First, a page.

The truth is, by overpricing their homes, sellers help sell competing homes, since it makes them look like comparative bargains. If a home has mistakenly been overpriced (or market conditions suddenly shift, as happened in mid-spring 2022 for example), the sooner this is recognized, and the price reduced, the lesser the negative consequences. Price reductions must be significant enough to capture the attention of buyers.  The objective with any price reduction should be to break down into a new tier of buyers, to generate fresh excitement with a new buyer pool, in the hopes of fomenting a bidding war at a new, lower price point.

Buying the Listing

In order to win the listing when competing with other brokers, some REALTORS may suggest an initial asking price considerably higher than what market conditions and recent sales of similar homes warrant — because they know that many sellers will want to list their home for the highest price possible. This is called “buying the listing” – and it is a clear violation of the fiduciary duty of honesty that an agent owes their client and is one of the main reasons Bay Area homeowners end up overpricing their homes.

REALTORS®, in attempting to secure a listing, shall not deliberately mislead the owner as to market value.

-From the REALTOR® Code of Ethics: Standard of Practice 1-3

There is a time-tested and well-proven way to sell any home for the highest price possible.  It’s what the most successful sellers have done in North America for at least the last hundred years:

• Price the home right when it first hits the market

• Carefully prepare the home so it has the maximum appeal to buyers in the market

• Maximize the home’s exposure to as many potential buyers as possible

• List with a REALTOR® who is an experienced and savvy negotiator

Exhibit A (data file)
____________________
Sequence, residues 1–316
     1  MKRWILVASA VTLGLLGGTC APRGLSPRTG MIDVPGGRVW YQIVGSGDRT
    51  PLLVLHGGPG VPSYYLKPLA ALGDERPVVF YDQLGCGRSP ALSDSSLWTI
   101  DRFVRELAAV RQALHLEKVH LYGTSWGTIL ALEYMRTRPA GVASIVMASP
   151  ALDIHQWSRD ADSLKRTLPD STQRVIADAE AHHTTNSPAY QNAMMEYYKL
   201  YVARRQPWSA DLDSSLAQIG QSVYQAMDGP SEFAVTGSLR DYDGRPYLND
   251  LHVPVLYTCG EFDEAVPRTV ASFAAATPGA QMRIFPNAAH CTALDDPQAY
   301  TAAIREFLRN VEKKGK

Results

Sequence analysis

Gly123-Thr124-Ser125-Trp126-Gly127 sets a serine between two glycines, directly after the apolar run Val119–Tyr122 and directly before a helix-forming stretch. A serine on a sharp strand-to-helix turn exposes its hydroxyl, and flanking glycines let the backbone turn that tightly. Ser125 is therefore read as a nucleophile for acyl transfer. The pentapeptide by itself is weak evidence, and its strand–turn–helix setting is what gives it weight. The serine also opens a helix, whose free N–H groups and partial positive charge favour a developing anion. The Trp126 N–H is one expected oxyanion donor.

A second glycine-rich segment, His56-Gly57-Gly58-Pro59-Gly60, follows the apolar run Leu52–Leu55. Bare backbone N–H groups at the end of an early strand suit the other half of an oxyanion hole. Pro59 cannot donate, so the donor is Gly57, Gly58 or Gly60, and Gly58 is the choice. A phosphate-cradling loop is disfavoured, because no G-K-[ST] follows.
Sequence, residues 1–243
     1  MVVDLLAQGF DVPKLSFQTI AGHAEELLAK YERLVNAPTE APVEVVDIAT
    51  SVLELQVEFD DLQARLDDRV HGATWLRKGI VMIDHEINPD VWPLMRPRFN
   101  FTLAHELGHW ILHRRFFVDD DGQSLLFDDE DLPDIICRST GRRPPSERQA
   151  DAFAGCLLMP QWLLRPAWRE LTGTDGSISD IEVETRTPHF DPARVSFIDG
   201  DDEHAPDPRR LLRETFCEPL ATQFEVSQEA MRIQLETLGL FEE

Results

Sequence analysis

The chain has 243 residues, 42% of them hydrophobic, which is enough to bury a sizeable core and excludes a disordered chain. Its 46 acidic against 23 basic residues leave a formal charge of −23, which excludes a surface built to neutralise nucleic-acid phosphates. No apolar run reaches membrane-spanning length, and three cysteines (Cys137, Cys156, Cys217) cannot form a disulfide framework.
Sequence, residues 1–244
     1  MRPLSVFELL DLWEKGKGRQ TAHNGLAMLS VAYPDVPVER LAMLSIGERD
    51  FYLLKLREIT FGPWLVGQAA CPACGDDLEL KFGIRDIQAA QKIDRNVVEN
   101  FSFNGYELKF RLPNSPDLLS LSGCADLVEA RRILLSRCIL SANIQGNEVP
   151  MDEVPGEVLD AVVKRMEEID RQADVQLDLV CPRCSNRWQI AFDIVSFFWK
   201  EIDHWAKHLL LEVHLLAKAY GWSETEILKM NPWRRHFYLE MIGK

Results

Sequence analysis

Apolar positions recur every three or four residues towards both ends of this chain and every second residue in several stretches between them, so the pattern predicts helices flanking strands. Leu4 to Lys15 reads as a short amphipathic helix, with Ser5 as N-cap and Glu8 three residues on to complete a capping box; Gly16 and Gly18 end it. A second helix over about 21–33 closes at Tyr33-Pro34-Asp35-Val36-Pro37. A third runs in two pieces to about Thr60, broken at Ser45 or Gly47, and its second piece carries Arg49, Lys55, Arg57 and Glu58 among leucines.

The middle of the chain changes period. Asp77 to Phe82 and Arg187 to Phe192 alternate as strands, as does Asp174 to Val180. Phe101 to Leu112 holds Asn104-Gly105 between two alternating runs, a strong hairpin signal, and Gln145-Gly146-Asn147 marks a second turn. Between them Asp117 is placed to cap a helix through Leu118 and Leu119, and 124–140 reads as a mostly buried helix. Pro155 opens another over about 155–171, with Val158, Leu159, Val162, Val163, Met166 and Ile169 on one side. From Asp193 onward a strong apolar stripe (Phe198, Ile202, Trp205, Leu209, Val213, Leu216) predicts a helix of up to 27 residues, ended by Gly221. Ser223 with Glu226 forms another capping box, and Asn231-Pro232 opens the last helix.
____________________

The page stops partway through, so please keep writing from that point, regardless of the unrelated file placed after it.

In the Bay Area, way you chose to market your home – including your initial asking price – can easily mean tens of thousands (and often hundreds of thousands) more money for you at closing.

Sell your home in a weekend


Using data on 150,000 home sales occurring over 12 to 24 month periods, Compass performed analyses such as this one on 5 Bay Area regions comprising 10 counties. The specific results varied by market region, but large differences in sales-price-to-original-list-price percentages and average days-on-market between homes that sold without price reduction and those selling after price reduction were universal, which is to be expected.

The calculations regarding the value differentials between these sales must be considered approximate: The same home can’t be sold at the same point in time at different list prices, with and without price reductions to compare the results. But in all the regional analyses we performed comparing the 2 types of sale, the change in value – i.e. the average loss in value seen in price reduced homes – ranged from 6% to 8%. Certainly, this differential varies widely amid tens of thousands of individual homes in varying circumstances of sale, but it seems clear that the decline in value is significant. Considering home prices in the Bay Area, even a 3% to 4% decline adds up to a loss of tens of thousands of dollars in seller proceeds, besides the much longer period necessary to realize the sale.

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About the Author
Seb Frey helps long-time Bay Area homeowners make their next move easily the next one yet. If you're looking for a minimum of hassle, maximum net cash on sale, and certain results, contact Seb today.